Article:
Building software is an exercise in incremental improvement, and when an important milestone is reached and new work is made available for the first time the team who worked so hard to build software that is useful, reliable, and secure look forward to feedback from the user community and the marketplace.
For the Data Programmability team here at Microsoft we have reached a few of those milestones for JDBC and ADO.NET recently and shipped Community Tech Previews (CTPs) to get your feedback.
The SQL Server 2005 JDBC Driver 1.1 CTP is available and features some important improvements including integrated authentication. If you build Java apps that target SQL Server or know someone who does - we want to get your feedback.
The ADO.NET vNext CTP, announced today, features two major incremental improvements. ADO.NET Entity Framework providing support for a higher level of abstraction for data programming, and Language-Integrated Query (LINQ) enabled ADO.NET through both LINQ to Entities and LINQ to DataSet.
If you use ADO.NET today, or are looking for a good excuse to build a managed code database application you can find more about the CTP from ADO.NET team blog or download it directly from the Download Center.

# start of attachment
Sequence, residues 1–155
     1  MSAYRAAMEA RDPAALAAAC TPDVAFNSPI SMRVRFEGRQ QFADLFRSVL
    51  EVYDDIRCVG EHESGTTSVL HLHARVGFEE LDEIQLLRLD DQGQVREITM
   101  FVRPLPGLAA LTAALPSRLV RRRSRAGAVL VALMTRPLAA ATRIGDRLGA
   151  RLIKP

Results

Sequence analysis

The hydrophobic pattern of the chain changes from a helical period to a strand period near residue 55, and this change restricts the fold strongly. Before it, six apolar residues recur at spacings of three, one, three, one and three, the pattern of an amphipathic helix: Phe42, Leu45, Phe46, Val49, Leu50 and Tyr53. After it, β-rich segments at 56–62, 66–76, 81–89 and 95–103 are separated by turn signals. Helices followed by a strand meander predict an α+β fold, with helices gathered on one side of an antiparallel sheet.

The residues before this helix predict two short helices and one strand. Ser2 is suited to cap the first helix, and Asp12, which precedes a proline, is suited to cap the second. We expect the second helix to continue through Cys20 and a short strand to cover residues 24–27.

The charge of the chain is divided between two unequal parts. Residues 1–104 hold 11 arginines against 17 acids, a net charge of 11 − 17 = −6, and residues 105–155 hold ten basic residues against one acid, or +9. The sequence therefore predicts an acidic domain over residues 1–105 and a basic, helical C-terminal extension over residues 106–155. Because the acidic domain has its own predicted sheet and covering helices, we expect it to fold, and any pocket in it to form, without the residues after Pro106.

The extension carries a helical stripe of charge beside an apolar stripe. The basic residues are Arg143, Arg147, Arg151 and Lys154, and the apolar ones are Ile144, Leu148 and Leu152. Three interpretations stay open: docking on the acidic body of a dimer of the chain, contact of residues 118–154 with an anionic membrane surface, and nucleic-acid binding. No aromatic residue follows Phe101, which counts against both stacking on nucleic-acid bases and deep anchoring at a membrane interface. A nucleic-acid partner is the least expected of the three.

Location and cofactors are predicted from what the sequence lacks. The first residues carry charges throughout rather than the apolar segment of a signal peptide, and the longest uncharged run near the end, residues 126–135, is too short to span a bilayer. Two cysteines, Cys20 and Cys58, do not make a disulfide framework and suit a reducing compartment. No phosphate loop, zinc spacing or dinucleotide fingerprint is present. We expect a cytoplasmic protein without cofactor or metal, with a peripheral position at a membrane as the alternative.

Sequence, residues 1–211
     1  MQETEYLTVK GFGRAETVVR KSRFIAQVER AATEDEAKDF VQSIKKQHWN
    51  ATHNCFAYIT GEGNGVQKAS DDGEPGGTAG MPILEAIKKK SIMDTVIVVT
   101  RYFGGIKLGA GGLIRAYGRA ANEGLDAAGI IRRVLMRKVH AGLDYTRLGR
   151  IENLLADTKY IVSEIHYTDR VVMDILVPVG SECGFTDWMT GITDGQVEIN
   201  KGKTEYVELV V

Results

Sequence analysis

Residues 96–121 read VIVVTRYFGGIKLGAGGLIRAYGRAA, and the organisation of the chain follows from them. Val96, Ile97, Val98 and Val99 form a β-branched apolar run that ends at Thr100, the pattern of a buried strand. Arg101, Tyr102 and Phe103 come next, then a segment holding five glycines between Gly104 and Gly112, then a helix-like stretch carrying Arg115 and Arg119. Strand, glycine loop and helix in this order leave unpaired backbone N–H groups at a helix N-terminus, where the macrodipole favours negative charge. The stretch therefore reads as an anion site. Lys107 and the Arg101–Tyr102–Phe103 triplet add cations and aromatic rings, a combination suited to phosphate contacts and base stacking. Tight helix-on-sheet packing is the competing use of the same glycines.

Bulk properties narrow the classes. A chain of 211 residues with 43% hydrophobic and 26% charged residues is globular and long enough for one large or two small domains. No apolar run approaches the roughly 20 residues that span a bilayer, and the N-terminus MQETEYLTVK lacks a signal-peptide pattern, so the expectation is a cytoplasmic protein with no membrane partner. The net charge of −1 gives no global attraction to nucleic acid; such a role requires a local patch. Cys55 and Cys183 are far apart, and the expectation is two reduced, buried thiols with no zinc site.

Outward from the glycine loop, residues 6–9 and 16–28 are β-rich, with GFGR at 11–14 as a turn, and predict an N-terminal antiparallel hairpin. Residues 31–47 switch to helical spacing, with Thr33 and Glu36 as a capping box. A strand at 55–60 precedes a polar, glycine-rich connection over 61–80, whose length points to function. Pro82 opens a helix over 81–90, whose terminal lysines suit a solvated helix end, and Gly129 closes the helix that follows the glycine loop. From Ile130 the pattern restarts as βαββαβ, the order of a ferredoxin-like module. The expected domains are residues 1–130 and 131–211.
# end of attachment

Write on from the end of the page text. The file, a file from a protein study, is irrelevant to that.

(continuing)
All this points out some of the unique responsibilities the Data Programmability team has within Microsoft. At the same time we need to both provide the best possible experience for database programmers using SQL Server and the best possible experience for database programmers using the Microsoft platform. I am often asked if these two responsibilities are in conflict. In practice we find that providing first class support for deployment of applications that use platforms like Java, or supporting development of applications that run on databases like Oracle is precisely what our customers need. We're confident that a successfully deployed Java application on Windows with SQL Server will eventually lead to a new .NET application and a successfully deployed .NET application on Windows with Oracle will likely lead to a new SQL Server application. So rather than conflict, the two responsibilities are complementary.
Share your experiences, we have a dedicated team waiting for your feedback.
Director of Program ManagementData ProgrammabilityMicrosoft Corporation